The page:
Teju Cole’s Superfluous Man: *Open City*

I  loved Teju Cole’s Open City—  it’s the best new novel I’ve read in quite a while. Everyone cites W.G. Sebald, and yes, it definitely recalls him in its wandering, melancholy, essayistic qualities (no photos, though, too bad!), and the impression it conveys of a permeable boundary between the fictional and the autobiographical– although the tone is lighter and the voice more (albeit ambivalently) American than in Sebald’s work, immersed in the media-saturated everyday of the 21st century U.S.

It would be a great novel to teach as a test case in an introduction to critical theory; it has a lot to say about mourning and melancholy, memorialization, repression, urban space, race, class, and identity, violence, whiteness, empathy, migration, nationalism. And about classical music (Mahler plays a key role) and literature, and psychiatry and medicine: its Nigerian narrator Julius is a psychiatric intern at what seems to be Columbia University, working on a research project about affect and depression in the elderly. This may all sound heavy-handed or a bit much, but these topics emerge naturally within the thought process of a narrator who simply happens to be educated, intellectually curious and interested in philosophy, theory, and such.  (Also in humbler topics like bedbugs.) The episode in which Julius, on a visit to Brussels, befriends a politically-radical Moroccan named Farouq also reminded me of Orhan Pamuk’s Snow. James Wood comments about the passage in which Farouq explains how his academic advisors failed his dissertation on Gaston Bachelard’s The Poetics of Space that it is “one of the very few scenes I have encountered in contemporary fiction in which critical and literary theory is not satirized, or flourished to exhibit the author’s credentials, but is simply and naturally part of the whole context of a person.”  Nicholas Dames in N&1, similarly, counts Cole as a member of a new “Theory Generation” of novelists for whom critical theory is taken for granted as part of the intellectual atmosphere: “what allies [Sam] Lipsyte’s Milo, Cole’s Julius, and [Ben] Lerner’s Adam …is how fundamentally diagnostic they are. Theory has taught them to treat the world as a set of deceptive signs; they doubt, reflexively, the communications of others.” [I love those novels too, btw: Sam Lipsyte’s The Ask and Ben Lerner’s Leaving the Atocha Station.] Julius reads, among other books, Roland Barthes’s Camera Lucida, and once back in New York, he sends a copy of Kwame Anthony Appiah’s Cosmopolitanism to Farouq as a sort of guilt offering; Farouq is one of several less-privileged interlocutors who inspire guilty responses from the psychiatrist-in-training Julius, who struggles in locating himself in relation to “blackness,” class, and Africanness. The question of whom he calls “brother,” and vice versa, recurs throughout.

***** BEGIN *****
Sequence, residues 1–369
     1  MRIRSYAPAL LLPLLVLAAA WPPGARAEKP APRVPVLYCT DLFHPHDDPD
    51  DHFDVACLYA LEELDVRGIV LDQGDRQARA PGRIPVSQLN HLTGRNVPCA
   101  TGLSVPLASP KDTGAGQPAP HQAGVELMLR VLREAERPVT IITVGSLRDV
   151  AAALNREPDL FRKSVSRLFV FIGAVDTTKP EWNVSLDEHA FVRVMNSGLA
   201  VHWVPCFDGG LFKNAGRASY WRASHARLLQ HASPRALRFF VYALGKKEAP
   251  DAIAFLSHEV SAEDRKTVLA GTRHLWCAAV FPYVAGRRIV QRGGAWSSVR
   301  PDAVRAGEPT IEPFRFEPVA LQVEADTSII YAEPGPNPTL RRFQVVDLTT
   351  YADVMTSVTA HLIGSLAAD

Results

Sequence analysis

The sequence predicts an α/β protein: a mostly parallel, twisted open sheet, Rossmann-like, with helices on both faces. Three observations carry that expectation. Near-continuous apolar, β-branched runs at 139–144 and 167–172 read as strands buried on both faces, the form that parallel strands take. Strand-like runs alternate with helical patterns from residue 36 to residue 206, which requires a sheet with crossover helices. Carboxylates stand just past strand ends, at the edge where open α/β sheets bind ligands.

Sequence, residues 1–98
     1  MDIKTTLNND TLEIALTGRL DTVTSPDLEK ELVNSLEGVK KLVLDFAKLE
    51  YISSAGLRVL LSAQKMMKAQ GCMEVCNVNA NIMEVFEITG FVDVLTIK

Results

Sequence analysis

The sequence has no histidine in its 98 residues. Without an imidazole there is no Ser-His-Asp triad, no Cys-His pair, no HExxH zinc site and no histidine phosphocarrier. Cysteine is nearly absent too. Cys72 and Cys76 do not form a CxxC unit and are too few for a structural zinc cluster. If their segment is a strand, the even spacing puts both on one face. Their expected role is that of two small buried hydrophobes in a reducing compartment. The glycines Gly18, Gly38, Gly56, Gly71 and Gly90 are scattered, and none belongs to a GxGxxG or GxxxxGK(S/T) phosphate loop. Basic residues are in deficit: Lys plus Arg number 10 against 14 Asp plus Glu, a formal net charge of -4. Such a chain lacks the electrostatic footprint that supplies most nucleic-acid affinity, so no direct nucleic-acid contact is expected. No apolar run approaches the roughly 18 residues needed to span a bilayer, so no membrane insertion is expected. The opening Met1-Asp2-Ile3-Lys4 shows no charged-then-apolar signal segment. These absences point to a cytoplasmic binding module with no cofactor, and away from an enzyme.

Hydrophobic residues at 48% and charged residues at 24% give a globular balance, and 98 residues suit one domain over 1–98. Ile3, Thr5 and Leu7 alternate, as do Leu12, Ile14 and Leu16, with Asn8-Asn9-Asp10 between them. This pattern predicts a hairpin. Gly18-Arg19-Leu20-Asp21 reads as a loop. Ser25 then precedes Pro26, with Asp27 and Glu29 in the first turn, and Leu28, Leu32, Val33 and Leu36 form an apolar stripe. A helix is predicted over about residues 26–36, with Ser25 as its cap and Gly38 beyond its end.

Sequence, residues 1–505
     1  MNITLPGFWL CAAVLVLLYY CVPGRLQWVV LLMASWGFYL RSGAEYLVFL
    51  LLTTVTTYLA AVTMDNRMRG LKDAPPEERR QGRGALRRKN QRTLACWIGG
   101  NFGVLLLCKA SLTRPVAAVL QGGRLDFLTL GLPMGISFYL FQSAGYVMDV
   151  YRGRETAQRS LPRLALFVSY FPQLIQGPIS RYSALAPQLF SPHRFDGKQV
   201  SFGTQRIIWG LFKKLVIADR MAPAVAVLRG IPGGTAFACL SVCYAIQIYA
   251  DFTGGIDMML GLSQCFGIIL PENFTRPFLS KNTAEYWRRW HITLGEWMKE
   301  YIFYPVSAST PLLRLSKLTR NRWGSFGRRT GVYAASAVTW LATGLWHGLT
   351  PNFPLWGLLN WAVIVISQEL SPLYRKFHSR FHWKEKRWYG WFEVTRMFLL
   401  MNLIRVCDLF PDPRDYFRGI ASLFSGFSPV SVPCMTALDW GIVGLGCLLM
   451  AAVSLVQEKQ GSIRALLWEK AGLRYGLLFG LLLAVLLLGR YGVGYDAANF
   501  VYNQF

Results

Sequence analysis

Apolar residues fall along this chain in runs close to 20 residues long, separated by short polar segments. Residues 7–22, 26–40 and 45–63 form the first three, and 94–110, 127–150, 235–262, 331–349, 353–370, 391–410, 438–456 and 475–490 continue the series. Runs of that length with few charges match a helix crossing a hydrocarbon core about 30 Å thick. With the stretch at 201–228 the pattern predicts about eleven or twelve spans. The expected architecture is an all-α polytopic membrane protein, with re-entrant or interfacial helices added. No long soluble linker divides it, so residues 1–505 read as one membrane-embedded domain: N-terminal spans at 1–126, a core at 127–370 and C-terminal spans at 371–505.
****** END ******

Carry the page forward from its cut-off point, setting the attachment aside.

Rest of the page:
Another book Open City recalled for me, although I read this many years ago and so my recollections of it are pretty vague, was Saul Bellow’s early novel Dangling Man. Like Bellow’s narrator, Julius is a “superfluous man,” a free-floating wanderer in the wartime city, in danger of drifting loose from all social connections.

It’s certainly one of the best, if not the best, “post-9/11” novels I’ve read, fundamentally concerned with the question of how nations, cities, and individuals mourn, memorialize, and repress trauma. And although it can feel nearly plotless, I’ll say without any spoilers that there is more to the story than may initially appear to be the case, and that Julius emerges, only towards the very end of the book, as a more morally-complex and less “reliable” narrator than he’d previously seemed to be. It’s a novel that looks different in hindsight, so that now I feel I need to go back to reconsider various details that seemed random or happenstance when I first encountered them.

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5 Responses

  1. On my bedside now–thanks for the push and the contextualization!

  2. It had been on my bedside for a long time… those job talks gave me the nudge!

  3. Reminded me more of ‘The Stranger’ than Sebald when I read it last spring. I had trouble with the flat uninflected narrative voice, although the middle part (in Brussels) seems more engaging than what came before or after. The narrator (the only character really) never seems very interesting, so I had trouble caring where he had lunch, or which streets he walked along (in the NYC parts).

  4. Well, I can see what you mean about the flatness, although by the end I felt that this affect acquired various kinds of meaning.

  5. Pushing the like button. I’ll read it too.

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